Andrew Buemi had finished running about 90 seconds earlier.

He was breathing in almost completely normal fashion, like someone who had maybe walked 2 blocks and not run the metric equivalent of 2 miles.

Nothing like being in fantastic shape. Even during what amounts to vacation season, sportswise.

As the energetic Tom Kennedy, who coaches boys' track at Cardinal O'Hara High, put it yesterday, "Andrew doesn't need this. He's set for Fordham for swimming. He's here for us. He's that kind of kid."

Buemi competed in just one event in the Catholic League Track Championships at Widener University's surrounded-by-trees football stadium, where the air was thick with pollen and many folks were coughing and sneezing non-stop. He placed second, though, in the 3,200 with a time of 9 minutes, 53 seconds, and the points were appreciated because La Salle is always super strong in that event.

Appreciated, but not completely important, as things turned out.

O'Hara claimed the crown, its fifth in 7 years under Kennedy (Monsignor Bonner broke through in 2005 and '06), with 125 points. La Salle took second with 91, comfortably ahead of Father Judge (71) and Archbishop Ryan (69).

In swimming, Buemi earned All-Catholic honors three consecutive years in freestyle and individual medley events, along with two relays.

Oh, did we mention? Each winter, he competed in swimming and indoor track. And check out this demanding schedule: swimming practice at a Newtown Square facility from 5 to 6:45 a.m.; 2 hours of track practice right after school, then swimming practice again from 6 to 7:45 p.m. at Widener.


"When I could fit it in," he said, laughing.

"I probably wouldn't have stuck with track if I didn't have such good chemistry with my teammates. That's why I stayed around. And because of our coach, of course. I also like setting goals for myself, and then achieving them.

"My swimming coach always wanted me to give up indoor track. But I told her I enjoyed it and wanted to keep making the commitment. I'll be getting back to all-swimming soon to get ready for Fordham, but this is good for my lungs and my legs."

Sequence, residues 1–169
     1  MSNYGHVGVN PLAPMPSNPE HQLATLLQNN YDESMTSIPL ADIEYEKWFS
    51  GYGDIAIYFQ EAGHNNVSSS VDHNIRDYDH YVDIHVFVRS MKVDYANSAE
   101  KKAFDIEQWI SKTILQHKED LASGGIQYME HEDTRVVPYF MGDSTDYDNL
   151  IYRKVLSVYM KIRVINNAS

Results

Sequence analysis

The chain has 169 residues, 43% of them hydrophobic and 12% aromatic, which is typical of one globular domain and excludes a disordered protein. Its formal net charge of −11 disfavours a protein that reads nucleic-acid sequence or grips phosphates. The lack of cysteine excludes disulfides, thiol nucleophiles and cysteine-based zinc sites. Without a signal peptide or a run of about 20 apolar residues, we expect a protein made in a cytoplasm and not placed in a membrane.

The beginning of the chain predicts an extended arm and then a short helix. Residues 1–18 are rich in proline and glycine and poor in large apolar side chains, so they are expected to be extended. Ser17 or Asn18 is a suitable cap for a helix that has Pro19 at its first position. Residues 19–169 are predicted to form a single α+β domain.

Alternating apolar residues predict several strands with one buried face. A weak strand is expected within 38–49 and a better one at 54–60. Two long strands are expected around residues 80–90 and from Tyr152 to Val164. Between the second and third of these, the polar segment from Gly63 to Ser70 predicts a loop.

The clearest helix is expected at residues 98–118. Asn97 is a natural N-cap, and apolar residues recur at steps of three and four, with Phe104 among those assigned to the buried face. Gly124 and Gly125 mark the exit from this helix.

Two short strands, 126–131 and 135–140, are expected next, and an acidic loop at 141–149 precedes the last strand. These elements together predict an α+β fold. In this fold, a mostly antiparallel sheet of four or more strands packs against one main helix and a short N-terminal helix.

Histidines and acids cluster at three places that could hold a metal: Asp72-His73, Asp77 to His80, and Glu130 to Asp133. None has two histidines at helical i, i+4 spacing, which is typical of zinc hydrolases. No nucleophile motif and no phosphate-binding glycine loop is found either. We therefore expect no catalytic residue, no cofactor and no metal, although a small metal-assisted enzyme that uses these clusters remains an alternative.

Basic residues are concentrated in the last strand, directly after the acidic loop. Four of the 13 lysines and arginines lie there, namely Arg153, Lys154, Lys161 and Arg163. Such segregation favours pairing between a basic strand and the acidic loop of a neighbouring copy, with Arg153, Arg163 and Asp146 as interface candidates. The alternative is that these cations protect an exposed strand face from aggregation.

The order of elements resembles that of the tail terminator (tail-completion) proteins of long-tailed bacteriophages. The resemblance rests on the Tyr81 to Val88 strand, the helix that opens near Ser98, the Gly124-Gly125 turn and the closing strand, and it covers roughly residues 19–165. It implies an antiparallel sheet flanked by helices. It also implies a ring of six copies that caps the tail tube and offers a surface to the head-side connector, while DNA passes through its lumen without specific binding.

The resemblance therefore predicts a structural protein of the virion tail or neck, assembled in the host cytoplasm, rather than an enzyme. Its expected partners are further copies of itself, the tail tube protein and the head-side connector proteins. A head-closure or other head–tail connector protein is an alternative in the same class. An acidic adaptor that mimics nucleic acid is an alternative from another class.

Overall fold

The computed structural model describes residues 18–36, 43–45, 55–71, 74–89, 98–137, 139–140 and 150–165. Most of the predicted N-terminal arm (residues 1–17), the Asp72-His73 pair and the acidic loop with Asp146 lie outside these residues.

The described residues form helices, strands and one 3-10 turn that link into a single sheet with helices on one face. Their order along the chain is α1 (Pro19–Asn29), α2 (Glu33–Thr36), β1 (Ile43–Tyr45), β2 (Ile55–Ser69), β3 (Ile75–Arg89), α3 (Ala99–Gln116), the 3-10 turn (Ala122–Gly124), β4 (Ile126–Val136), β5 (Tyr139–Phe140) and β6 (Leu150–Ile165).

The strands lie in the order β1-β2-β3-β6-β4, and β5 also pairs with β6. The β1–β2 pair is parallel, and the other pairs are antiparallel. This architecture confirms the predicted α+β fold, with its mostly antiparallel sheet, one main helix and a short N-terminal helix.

Because he's a member of the CL's games committee, Kennedy was able to watch the proceedings from the infield. He took advantage by yelling non-stop words of encouragement to Buemi (and every O'Hara athlete).

When Buemi (pronounced bwemmy) was in fourth place after 5 laps, Kennedy pointed to the leader and bellowed, "You've got to take that seriously! That's a 9:49 [pace]!"

As the runners reached a point where maybe 300 meters remained, with Buemi in second, Kennedy was at it again: "You've got him! Right there! Go for it!"

The 5-9, 140-pound Buemi began to make his move and had what appeared to be a safe lead with maybe 35 meters remaining.

"Yes! Yes! Yes! Yes!" Kennedy roared.

Um, no. La Salle's Steve Dorsey stormed past to take first in 9:52.43.

"Still a great job by Andrew," Kennedy said. "He's the kind of kid every team needs."

Said Buemi: "We went out kind of slow in the first mile, maybe 10 seconds slower than I normally would. I was trying to sit and then take the lead when the time was right.

"I heard everyone cheering toward the end. I didn't know if they were cheering for me or someone else. I kept going, but Dorsey passed me. Heartbreaking, but he ran a great race."

O'Hara's individual winners were Ed Buck in the 1,600 (4:22.97), Steve Werner in the long jump (21-4), Ian Clyburn in the discus (144-9) and Jason Johnson in the triple jump (46-1/2).

There were two double winners, Cardinal Dougherty's Charles Gladman in the 100 (11.02 seconds) and 200 (21.97), and West Catholic Jermaine Lowery in the hurdles (14.74, 110 highs and 53.58, 400 intermediates).

At Fordham, Buemi expects to concentrate on international relations and Spanish. He could picture working in business or for the United Nations.

Hey, why not both? Don't start slacking now, kid. *